In my last blog post I talked about the importance of Biophilic Design – adding that connection to nature to our interior spaces. But so often, when I see examples of biophilic spaces, it is a sea of natural wood and indoor plants. What is missing for me is those elements of joy.
When I think of the photographs of nature that I have taken, they are more likely to be photographs of spectacular sunsets, bright splashes of colourful flowers, or eye-catching creatures. It is the COLOURS of nature that make my heart sing!
And so it should be with our homes too. Incorporating certain tangible things into our homes can create that intangible feeling of joy. Here are some of the ways that you can start crafting more joy in your home:
All over the world, bright vivid colours are associated with joyful occasions – from the Carnival in Brazil, to India’s Holi festival. In Ingrid Fetell Lee’s book Joyful, she says “Bright colour operates like a stimulant, a shot of caffeine for the eyes. It stirs us out of complacency.” Lively colours radiate optimism and sunshine and help us to marshal the energy we need.
I’m not suggesting that we all need to paint every wall of our homes in a bright colour, but we do need those bursts of colour in our indoor spaces, like flowers in a garden.
LAYER TEXTURE AND PATTERN
Along with colour, the layering of texture and pattern provides a sensorial richness, and a sense of abundance that is not only pleasurable, but vital to healthy neural development. An environment that is too minimalistic acts as an anaesthetic, numbing our senses and emotions.
I don’t know about you, but when I visit places such as Morocco, India, Barcelona, Turkey and Thailand, as a tourist taking in the architecture around me, it is the buildings that are the most gaudily decorated that grab my attention and make me want to pick up my camera and capture that feeling to bring home with me.
ARRANGE ITEMS SYMMETRICALLY
Symmetry brings a sense of order and feeling of ease to a space. It is the tangible manifestation of harmony through balance, rhythm and repetition. Repeating colours, shapes or textures in different parts of a room helps us to view the room as a whole and brings structure to the complexity. If your environment makes you feel stable, balanced and grounded you’re more likely to reflect these behaviours too.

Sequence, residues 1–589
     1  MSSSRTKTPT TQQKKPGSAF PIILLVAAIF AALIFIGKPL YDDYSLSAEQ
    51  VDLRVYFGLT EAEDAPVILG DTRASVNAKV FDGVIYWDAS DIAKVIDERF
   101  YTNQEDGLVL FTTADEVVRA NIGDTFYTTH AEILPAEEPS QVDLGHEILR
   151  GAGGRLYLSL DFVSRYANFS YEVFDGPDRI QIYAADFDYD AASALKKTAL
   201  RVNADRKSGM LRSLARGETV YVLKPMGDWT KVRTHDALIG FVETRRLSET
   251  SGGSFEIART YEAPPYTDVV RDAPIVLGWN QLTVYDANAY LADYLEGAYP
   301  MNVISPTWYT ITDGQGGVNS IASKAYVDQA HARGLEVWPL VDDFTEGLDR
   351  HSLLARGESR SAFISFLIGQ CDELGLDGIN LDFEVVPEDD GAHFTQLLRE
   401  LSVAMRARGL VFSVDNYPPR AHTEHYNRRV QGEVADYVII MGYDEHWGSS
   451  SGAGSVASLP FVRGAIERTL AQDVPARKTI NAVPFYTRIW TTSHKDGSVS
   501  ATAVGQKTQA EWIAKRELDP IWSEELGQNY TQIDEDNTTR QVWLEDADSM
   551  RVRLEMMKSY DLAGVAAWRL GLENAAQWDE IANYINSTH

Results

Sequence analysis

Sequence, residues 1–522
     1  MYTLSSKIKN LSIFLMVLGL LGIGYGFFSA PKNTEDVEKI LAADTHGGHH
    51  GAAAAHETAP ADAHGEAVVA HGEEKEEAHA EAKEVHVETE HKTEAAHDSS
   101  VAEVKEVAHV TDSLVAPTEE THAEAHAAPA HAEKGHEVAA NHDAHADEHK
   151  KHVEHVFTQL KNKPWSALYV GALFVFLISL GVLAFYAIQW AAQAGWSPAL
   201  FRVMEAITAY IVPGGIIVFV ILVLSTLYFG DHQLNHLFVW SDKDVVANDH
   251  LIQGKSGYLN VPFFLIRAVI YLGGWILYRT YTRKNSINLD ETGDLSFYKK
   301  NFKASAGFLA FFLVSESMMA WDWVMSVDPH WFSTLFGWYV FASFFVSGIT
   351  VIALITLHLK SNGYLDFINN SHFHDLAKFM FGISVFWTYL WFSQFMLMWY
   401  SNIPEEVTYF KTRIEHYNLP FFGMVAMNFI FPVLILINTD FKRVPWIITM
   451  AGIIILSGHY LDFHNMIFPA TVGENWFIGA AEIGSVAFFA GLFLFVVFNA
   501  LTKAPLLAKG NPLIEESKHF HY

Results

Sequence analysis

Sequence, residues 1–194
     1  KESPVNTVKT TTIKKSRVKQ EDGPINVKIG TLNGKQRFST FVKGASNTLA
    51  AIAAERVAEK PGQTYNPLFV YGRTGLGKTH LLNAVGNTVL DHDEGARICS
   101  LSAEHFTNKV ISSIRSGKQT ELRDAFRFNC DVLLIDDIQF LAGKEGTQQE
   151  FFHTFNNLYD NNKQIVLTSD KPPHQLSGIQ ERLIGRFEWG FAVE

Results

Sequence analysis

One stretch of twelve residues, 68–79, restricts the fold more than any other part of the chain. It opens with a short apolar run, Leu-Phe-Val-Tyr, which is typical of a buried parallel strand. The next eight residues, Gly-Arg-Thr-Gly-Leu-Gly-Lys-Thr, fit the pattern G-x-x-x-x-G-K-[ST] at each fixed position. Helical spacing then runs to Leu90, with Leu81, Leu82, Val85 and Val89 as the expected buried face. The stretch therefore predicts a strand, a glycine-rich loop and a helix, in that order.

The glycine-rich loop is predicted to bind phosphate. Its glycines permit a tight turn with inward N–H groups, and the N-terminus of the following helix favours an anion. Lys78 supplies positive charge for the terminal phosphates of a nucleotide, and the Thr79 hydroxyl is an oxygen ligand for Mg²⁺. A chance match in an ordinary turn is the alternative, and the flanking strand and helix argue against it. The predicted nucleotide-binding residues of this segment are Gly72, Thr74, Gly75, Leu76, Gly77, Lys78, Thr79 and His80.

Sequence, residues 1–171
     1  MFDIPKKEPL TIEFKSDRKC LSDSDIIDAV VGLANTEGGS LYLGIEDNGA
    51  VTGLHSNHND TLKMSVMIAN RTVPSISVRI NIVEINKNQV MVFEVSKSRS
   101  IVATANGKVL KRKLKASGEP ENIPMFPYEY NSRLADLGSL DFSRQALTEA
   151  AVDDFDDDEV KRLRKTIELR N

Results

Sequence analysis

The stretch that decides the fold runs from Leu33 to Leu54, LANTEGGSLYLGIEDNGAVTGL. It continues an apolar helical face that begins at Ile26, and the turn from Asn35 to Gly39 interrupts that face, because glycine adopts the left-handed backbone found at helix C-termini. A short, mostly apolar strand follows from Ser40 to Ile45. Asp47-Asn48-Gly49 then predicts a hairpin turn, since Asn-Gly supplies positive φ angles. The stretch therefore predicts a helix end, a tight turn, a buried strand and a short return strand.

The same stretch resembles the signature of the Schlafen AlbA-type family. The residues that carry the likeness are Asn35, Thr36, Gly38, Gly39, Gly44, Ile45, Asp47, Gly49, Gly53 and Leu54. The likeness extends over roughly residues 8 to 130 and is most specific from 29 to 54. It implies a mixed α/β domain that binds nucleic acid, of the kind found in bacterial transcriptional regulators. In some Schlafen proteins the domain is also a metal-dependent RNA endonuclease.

INCORPORATE CURVED FORMS
Circles and spheres are subconsciously associated with safety and positivity as there are no sharp angles to risk injury. Round shapes are found everywhere in nature too – think bubbles and berries, and instinctively open us up to our playful impulses. Think pom-poms sewn along the edge of a cushion, round side tables, or the Ball chair.
A round dining table creates a much more social dining experience, allowing guests to come together in a single conversation, and interact in a much more personal way. And a spiral staircase brings a powerful kind of dynamism into a space.
CREATE NEGATIVE SPACE
Negative space is the space around and between objects. Having more space allows for a greater freedom of movement. It also reduces the visual weight of a space, so objects with perforations will appear lighter than solid ones. Think slender legs on furniture and translucent materials.
DRAW THE EYE UP
Drawing the eye up by highlighting the vertical dimensions of a room will create a space that feels uplifting, like painted ceilings in churches and mosques. Think of your ceiling as the fifth wall and pay as much attention to its decoration as you would your walls. If you have the ceiling height, incorporate decorative light fittings.
The height of a room can also be accentuated by using tall plants / sculptures, built-in bookshelves, full-length curtains, and wallpaper with a vertical pattern.
ADD SOME MAGIC AND SENSE OF CELEBRATION
A mobile that sways gently on a breeze, prismatic glass that creates rainbow reflections, mirrors that create the illusion of a larger space, and mirror balls and surfaces that shimmer and sparkle all add a sense of magic to a space.
Shapes that burst out from the centre, like fireworks, have long been a part of celebrations around the world. Think tassels and juju hats, a starburst mirror, or a chandelier that captures the bursting quality of light in static form.
Flowers are also a great of capturing so many of the elements listed above. Flowers come in different colours, and their shapes vary too – from cups to cones, stars to clusters. Floral forms are found on fabrics and wallpapers, and are also an important element of biophilic design, so tick both of these boxes!
Ingrid Fetell Lee sums it up so beautifully – “The problem is that without joy, we may be surviving, but we are not thriving. If we rarely laugh or play, if we never have glimpses of magic … or bursts of celebration, then no matter how well fed and comfortable we are, we are not truly alive.”
And there has never been a more important time than now, with the uncertainty that lockdown and COVID-19 have brought, to ensure that our homes can inject joy into our lives!